This article will examine the case study written by Roberts and Hendry (1991) about one of the prominent lumber wholesalers, Atlantic Lumber Trader (ALT). The case study revolves around Lynne Thomas’ perspective as a credit assistant at the Maritime Bank who was ordered to review the loan profile of the company. In 1989, the company recorded a terrible loss of about 174 thousand dollars at the end of the previous year due to mismanagement by the former leader, David Lawson.

The owners of the company were brother and sister of the Hall family, Edward and Gail. Both took over the company from David Lawson to recover the company’s performance. After several corrective measures, the siblings tried to negotiate an increase in the line of credit with the bank. Lynne tried to consider every internal and external aspect of the company to decide whether to call or provide the loan.

The root problem and fundamental causes of the Atlantic Lumber Trader case study

The root problem of this case study is the speculative management from David Lawson and the lack of control from Edward and Gail. The issue became very significant due to the traditionally low margin of ALT. Due to this problem, the company recorded a significant loss at the end of 1988 (Roberts & Hendry, 1991). If the company operates at a loss for an extended time, it will soon be at high default risk.

The fundamental causes can be separated into two categories: management and financial issues. The management allowed inefficient policies, such as the rental division that operated at a loss, speculative purchasing, and sales using irregular lots. These management policies ultimately result in a large amount of inventory containing lumber with unpopular lengths that have to be written down. These policies are left uncontrolled by the major shareholders, Edward and Gail, to the point that ALT recorded a substantial loss.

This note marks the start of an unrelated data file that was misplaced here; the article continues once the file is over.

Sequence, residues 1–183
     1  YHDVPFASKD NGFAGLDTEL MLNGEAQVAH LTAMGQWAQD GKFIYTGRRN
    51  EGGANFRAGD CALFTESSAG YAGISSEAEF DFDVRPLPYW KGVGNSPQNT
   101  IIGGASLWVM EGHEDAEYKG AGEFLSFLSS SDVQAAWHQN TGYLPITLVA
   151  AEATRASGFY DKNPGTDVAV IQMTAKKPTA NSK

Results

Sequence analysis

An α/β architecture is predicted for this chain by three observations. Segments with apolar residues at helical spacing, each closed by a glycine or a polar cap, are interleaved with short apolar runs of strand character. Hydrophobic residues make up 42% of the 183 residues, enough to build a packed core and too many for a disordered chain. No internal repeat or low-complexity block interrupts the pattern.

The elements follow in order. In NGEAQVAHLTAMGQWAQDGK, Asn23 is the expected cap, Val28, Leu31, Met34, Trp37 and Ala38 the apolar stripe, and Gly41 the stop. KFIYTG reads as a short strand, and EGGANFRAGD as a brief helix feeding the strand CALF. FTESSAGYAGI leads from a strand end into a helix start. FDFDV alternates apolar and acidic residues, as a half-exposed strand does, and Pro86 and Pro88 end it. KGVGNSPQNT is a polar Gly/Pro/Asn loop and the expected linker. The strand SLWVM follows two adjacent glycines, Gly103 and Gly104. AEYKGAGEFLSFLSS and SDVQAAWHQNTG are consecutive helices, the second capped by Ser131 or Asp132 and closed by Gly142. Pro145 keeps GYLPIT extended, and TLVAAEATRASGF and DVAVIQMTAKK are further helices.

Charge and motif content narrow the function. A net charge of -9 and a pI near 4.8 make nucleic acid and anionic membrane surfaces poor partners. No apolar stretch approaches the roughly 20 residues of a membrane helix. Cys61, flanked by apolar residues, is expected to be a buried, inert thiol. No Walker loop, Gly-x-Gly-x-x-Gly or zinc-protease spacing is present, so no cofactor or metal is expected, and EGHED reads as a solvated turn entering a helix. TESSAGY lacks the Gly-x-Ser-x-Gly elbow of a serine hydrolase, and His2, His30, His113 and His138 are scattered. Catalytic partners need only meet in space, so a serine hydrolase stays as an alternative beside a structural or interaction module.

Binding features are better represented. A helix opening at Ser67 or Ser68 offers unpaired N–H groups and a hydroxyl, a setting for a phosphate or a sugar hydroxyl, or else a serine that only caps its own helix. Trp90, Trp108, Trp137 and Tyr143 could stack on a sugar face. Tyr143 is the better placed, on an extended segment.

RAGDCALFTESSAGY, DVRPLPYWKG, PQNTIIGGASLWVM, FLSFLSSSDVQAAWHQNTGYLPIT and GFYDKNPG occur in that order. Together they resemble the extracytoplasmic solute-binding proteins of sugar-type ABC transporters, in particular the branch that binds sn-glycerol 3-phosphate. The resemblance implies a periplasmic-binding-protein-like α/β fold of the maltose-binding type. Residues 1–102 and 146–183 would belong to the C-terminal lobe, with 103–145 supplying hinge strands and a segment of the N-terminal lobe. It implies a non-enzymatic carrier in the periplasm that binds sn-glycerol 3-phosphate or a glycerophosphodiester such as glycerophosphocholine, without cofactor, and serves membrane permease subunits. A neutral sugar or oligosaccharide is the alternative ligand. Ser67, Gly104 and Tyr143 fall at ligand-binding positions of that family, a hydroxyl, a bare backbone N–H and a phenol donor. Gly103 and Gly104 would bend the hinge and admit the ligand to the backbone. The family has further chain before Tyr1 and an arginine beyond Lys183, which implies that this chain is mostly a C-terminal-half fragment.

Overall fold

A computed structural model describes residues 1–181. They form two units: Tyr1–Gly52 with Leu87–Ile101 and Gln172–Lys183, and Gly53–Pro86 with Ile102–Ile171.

The industry has been known for its inflexibility in operation since it must operate at a low margin. The company naturally has low profitability ratios. Even in the previous three years when the company recorded profit, the net profit margin was only 0.66% to 1.01%. The company had no allowance for poor management that can easily sweep off the margin as the case study has shown.

The company’s liquidity ratio was poor. Liquidity ratios measure a company’s capability to pay back short-term debt obligations. This ratio can also be used to assess a company’s ability to issue more debt to explore new means for growth through various means (Rist & Pizzica, 2015). The most common liquidity ratio is the current ratio, which is calculated by dividing current assets by current liabilities (Brigham & Houston, 2017). The current ratio of ALT was 0.83, which was lower than the industry benchmark of 1.50. The current ratio showed that the company’s current liabilities were higher than the company’s current assets. This was a concerning issue that can easily put the company on the brink of bankruptcy.